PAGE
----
Ebo is a recipient of the Musician of the Year Award for the U.S. Marine Corps and has performed nationwide as the musical director and lead trombonist for the Marine Corps Jazz Orchestra. His compositions and arrangements have been featured as part of USMC national recruiting efforts and have been performed by numerous ensembles. He is the author of “Common Sense for Comeback Chops,” published by Mountain Peak Music.

    Ebo also directs his own jazz orchestra in a series of benefit concerts for Toys for Tots in Baltimore, M.D., now in its 17th season, including eight years of annual concerts also held in Virginia Beach. Ebo resides in Fort Worth with his wife, also a professional musician, and their two children, who collectively sing and play trumpet, harp, piano, ukulele, drums and other instruments.

    The Swingin’ Aces will perform “Skyliner” by Charlie Barnett; “Midnight Voyage” by Joey Calderazzo and arranged by Alan Baylock; and “My Romance” by Richard Rodgers featuring Mike McGowan, SFA adjunct professor of music theory.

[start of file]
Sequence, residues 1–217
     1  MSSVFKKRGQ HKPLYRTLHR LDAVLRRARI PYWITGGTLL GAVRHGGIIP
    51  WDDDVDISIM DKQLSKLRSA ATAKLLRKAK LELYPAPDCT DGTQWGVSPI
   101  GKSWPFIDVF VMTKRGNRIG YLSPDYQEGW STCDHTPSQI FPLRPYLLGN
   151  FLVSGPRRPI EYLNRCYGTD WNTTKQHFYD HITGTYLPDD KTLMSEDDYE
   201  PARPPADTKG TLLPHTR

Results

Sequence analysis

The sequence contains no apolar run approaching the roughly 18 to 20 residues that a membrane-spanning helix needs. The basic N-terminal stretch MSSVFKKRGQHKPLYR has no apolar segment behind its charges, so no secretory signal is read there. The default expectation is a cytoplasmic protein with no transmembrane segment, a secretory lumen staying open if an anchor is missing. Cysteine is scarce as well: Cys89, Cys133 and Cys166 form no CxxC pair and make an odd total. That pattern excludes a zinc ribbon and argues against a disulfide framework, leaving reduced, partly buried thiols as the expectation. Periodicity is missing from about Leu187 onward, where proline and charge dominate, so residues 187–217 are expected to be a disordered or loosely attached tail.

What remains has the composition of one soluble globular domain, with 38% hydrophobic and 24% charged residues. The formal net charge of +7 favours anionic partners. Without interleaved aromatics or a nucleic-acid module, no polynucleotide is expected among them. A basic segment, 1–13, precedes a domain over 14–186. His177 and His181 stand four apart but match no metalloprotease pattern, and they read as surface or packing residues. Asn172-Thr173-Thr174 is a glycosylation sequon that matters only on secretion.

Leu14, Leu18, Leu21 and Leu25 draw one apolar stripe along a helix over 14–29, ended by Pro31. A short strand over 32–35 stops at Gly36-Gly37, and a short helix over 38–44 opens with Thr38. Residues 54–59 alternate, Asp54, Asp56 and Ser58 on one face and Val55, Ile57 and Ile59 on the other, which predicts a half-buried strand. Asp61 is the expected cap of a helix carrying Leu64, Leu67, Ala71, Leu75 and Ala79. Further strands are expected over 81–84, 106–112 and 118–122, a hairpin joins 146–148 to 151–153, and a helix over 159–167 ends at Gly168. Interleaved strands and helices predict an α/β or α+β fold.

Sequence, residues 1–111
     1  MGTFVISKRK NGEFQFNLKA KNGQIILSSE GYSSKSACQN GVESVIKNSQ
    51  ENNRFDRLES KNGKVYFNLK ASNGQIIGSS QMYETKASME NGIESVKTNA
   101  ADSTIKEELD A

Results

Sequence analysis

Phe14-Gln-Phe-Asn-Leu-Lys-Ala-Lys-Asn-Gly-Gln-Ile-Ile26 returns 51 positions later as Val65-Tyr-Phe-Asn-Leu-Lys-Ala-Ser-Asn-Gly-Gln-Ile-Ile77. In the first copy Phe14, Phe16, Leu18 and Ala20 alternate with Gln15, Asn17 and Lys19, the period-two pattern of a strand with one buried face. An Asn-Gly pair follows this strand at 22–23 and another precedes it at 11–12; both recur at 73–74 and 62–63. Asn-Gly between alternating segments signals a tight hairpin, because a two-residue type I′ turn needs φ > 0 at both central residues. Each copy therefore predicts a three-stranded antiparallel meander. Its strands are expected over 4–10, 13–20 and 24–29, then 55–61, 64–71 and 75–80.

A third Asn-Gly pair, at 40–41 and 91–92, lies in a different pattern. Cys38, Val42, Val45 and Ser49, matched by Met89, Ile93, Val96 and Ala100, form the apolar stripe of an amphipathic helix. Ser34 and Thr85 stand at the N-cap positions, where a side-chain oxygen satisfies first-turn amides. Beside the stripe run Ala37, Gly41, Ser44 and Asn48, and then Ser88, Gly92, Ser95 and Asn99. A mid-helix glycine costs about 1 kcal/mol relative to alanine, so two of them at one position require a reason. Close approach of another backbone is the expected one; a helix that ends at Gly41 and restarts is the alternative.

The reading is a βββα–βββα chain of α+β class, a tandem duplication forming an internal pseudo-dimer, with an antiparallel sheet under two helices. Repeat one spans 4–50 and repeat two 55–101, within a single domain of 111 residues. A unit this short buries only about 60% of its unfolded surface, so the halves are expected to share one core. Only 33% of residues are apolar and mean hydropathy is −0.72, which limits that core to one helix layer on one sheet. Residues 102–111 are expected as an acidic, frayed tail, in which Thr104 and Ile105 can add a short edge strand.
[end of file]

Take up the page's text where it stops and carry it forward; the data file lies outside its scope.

Concert tickets are $8 for adults, $6 for seniors and $3 for students and youth. For tickets or more information, call the SFA Fine Arts Box Office at (936) 468-6407 or visit http://www.finearts.sfasu.edu.

    article ID 1803

  • SFA’s ‘Titus Andronicus’ features complex special effects

    SFA’s ‘Titus Andronicus’ features complex special effects

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    Among the special effects props created for the SFA School of Theatre’s presentation of Shakespeare’s “Titus Andronicus” are severed heads, hands and other limbs. The play will be presented at 7:30 p.m. Tuesday through Saturday, Nov. 12 through 16, in W.M. Turner Auditorium on the SFA campus.

    November 1, 2019—Robbie Goodrich

    Elaborate special effects on the big screen can really enhance a movie-going experience. Today’s audiences expect bigger and better every time. That’s exactly what theatre-goers who attend the Stephen F. Austin State University School of Theatre’s presentation of William Shakespeare’s “Titus Andronicus” will receive – an elaborate special effects experience.